Name: Amanda Freeman, Ph.D.
Position: Center Director
Program: Techniques for Rainforest Research, Australia
It is hard to believe we are entering the third week of this programme. At this stage, students are full-on with academics, and busy dealing with data in several phases; analysing visitor data from their recent two-night Mission Beach field excursion and planning their data collection for upcoming projects on vertebrate diversity.
This week will see several early mornings as we shift our focus from the human dimension to the rainforest flora and fauna. Last week students were interviewing visitors to the Mission Beach area and learning about the impacts on tourism of events such as Cyclone Yasi which severely damaged the forest and infrastructure in the region a little over a year ago.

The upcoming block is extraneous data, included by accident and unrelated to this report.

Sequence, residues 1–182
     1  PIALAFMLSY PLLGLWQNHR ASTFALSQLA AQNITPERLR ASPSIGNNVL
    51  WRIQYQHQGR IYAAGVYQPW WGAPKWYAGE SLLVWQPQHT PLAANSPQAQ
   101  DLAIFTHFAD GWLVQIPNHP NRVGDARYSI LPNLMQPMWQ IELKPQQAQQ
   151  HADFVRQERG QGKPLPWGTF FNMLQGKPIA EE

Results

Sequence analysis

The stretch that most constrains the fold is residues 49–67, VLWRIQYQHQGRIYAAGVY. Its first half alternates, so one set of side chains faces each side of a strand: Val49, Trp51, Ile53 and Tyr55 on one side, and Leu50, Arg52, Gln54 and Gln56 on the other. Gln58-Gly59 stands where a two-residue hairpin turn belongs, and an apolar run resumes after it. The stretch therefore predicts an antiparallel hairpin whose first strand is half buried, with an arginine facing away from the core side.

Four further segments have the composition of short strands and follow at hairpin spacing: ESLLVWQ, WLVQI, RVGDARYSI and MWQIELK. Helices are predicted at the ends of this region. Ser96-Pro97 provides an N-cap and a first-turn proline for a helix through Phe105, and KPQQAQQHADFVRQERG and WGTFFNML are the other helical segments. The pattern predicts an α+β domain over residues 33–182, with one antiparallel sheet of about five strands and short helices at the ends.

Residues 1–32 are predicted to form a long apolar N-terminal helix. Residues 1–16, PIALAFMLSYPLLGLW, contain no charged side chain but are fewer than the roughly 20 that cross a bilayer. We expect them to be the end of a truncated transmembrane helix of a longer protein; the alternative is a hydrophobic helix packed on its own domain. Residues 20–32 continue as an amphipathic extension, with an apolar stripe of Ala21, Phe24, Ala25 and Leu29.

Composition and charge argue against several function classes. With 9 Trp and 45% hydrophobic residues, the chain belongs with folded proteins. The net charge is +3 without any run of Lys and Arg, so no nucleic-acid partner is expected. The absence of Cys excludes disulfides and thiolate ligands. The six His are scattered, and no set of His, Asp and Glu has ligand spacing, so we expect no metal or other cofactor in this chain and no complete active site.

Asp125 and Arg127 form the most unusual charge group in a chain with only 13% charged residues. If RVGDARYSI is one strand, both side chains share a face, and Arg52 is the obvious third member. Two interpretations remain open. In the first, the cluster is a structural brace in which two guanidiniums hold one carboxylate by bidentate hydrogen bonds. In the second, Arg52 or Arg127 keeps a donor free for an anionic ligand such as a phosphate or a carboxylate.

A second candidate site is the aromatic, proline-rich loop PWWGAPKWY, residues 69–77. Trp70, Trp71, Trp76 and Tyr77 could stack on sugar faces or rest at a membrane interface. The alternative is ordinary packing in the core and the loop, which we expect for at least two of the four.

This week they’ll be conducting bird surveys, hence the early mornings, and exploring the impact of invasive coffee on rainforest habitats. Emphasised within all these projects are the field skills and research techniques used in rainforest research.
Here at the Centre, our dry season is kicking in. Nights are cool but the days are dry and sunny. The Tooth-billed Bowerbirds on site are feeling the change in the air too. Males of this fascinating species clear a court on the rainforest floor on which they place freshly plucked leaves, pale side up in an effort to impress the girls. Then, from a nearby perch, they spend the better part of their day calling raucously and mimicking a variety of other rainforest sounds. The first court of this dry season was discovered last week along our site walk.